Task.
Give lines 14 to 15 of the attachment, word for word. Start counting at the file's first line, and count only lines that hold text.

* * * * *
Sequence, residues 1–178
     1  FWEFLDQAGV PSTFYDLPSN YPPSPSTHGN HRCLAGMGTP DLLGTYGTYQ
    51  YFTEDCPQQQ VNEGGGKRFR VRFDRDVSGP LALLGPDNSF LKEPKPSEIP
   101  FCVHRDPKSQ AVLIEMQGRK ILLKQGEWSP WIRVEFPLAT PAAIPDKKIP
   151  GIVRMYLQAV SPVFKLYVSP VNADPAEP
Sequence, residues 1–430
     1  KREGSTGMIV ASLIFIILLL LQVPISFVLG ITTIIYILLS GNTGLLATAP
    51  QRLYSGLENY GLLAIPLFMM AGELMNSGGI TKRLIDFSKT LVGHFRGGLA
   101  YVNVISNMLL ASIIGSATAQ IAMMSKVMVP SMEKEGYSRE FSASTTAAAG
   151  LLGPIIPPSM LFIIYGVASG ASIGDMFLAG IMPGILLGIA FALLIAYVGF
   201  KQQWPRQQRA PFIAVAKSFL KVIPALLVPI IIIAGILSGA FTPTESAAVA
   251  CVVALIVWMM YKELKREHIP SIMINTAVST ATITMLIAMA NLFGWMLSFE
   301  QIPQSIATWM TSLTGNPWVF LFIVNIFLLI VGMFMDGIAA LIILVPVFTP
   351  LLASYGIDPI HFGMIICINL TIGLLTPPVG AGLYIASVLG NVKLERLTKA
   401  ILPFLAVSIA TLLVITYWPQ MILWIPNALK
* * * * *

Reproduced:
   351  LLASYGIDPI HFGMIICINL TIGLLTPPVG AGLYIASVLG NVKLERLTKA
   401  ILPFLAVSIA TLLVITYWPQ MILWIPNALK